Dr. Sherry Bird is employed by Dental Associates. Dental Associates recently installed a computerized job-order costing system to help monitor the cost of its services. Each patient is treated as a job and assigned a job number when he or she checks in with the receptionist. The receptionist-bookkeeper notes the time the patient enters the treatment area and when the patient leaves the area. This difference between the entry and exit times is the number of patient hours used and the direct labor time assigned to the dental assistant. (A dental assistant is constantly with the patient.) The direct labor time assigned to the dentist is 50 percent of the patient hours. (The dentist typically splits her time between two patients.)
The chart filled out by the dental assistant provides additional data that is entered into the computer. For example, the chart contains service codes that identify the nature of the treatment, such as whether the patient received a crown, a filling, or a root canal. The chart not only identifies the type of service but its level as well. For example, if a patient receives a filling, the dental assistant indicates (by a service-level code) whether the filling was one, two, three, or four surfaces. The service and service-level codes are used to determine the rate to be charged to the patient. The costs of providing different services and their levels also vary.
Costs assignable to a patient consist of materials, labor, and overhead. The types of materials used—and the quantity—are identified by the assistant and entered into the computer by the bookkeeper. Material prices are kept on file and accessed to provide the necessary cost information. Overhead is on the basis of patient hours. The rate used by Dental Associates is $20 per patient hour. Direct labor cost is also computed using patient hours and the wage rates of the direct laborers. Dr. Bird is paid an average of $36 per hour for her services. Dental assistants are paid an average of $6 per hour. Given the treatment time, the software program calculates and assigns the labor cost for the dentist and her assistant; overhead cost is also assigned using the treatment time and the overhead rate.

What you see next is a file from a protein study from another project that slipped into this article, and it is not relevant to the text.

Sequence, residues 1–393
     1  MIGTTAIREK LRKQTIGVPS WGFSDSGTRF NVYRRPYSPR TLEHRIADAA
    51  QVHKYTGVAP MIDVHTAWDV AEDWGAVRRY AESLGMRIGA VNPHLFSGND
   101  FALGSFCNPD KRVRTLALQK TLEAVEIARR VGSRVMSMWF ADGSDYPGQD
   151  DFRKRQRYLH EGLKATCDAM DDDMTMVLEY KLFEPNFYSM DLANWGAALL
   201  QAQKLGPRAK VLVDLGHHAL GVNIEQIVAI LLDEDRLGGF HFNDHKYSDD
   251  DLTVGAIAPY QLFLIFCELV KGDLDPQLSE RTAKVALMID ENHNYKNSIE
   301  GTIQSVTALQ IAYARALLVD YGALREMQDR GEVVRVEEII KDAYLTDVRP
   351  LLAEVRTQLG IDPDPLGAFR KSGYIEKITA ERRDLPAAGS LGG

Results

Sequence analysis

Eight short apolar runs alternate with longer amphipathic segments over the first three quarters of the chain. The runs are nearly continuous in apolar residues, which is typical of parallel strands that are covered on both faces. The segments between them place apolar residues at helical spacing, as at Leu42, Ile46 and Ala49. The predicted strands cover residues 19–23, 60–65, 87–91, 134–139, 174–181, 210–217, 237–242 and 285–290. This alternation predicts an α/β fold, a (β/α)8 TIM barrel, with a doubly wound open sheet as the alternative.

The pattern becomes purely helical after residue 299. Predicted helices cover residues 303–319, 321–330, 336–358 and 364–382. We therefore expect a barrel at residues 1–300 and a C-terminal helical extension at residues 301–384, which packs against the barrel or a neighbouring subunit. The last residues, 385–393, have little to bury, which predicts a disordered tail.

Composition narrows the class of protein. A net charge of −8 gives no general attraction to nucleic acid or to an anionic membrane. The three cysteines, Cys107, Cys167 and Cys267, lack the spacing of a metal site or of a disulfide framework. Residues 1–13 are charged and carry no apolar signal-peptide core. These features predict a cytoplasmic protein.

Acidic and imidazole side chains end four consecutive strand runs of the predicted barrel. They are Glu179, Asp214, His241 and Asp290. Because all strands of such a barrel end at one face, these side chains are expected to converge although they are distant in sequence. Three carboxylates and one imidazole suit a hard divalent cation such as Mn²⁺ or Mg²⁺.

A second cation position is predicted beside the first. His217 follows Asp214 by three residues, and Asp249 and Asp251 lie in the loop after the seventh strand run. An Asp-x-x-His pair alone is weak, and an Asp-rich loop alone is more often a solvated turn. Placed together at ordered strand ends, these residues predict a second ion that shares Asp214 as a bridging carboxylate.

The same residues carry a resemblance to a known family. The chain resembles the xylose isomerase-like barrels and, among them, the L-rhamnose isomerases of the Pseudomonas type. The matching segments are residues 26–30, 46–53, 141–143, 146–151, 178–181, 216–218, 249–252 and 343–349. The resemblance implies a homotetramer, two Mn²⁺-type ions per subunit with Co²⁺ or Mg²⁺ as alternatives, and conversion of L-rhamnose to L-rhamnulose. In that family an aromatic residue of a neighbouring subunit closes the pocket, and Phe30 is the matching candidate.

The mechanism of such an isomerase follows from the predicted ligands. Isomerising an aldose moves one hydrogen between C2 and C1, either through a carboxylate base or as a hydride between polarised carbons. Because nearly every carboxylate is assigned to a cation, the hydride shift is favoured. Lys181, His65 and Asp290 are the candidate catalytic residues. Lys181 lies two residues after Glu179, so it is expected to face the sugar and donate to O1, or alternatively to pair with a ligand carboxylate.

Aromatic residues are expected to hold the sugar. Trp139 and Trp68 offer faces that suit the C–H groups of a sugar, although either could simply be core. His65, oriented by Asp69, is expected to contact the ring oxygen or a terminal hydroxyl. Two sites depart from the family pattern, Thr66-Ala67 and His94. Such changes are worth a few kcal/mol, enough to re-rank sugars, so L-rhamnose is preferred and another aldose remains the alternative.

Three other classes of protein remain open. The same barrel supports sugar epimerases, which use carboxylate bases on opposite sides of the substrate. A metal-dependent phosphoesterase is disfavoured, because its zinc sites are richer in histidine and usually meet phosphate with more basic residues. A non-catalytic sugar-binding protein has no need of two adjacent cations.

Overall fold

The overhead rate does not include a charge for any X-rays. The X-Ray Department is separate from dental services; X-rays are billed and costed separately. The cost of an X-ray is $3.50 per film; the patient is charged $5 per film. If cleaning services are required, cleaning labor costs $9 per patient hour.
Glen Johnson, a patient (Job 267), spent 30 minutes in the treatment area and had a two-surface filling. He received two Novocaine shots and used three ampules of amalgam. The cost of the shots was $1. The cost of the amalgam was $3. Other direct materials used are insignificant in amount and are included in the overhead rate. The rate charged to the patient for a two-surface filling is $45. One X-ray was taken.
1. Prepare a job-order cost sheet for Glen Johnson. What is the cost for providing a two-surface filling? What is the gross profit earned? Is the X-ray a direct cost of the service? Why are the X-rays costed separately from the overhead cost assignment?
2. Suppose that the patient time and associated patient charges are given for the following fillings:
1-Surface 2-Surface 3-Surface 4-Surface
Time 20 min 30 min 40 min 50 min
Charge $35 $45 $55 $65
Compute the cost for each filling and the gross profit for each type of filling. Assume that the cost of Novocaine is $1 for all fillings. Ampules of amalgam start at two and increase by one for each additional surface. Assume also that only one X-ray film is needed for all four cases. Does the increase in billing rate appear to be fair to the patient? Is it fair to the dental corporation?
This question was asked on Jan 30, 2013.
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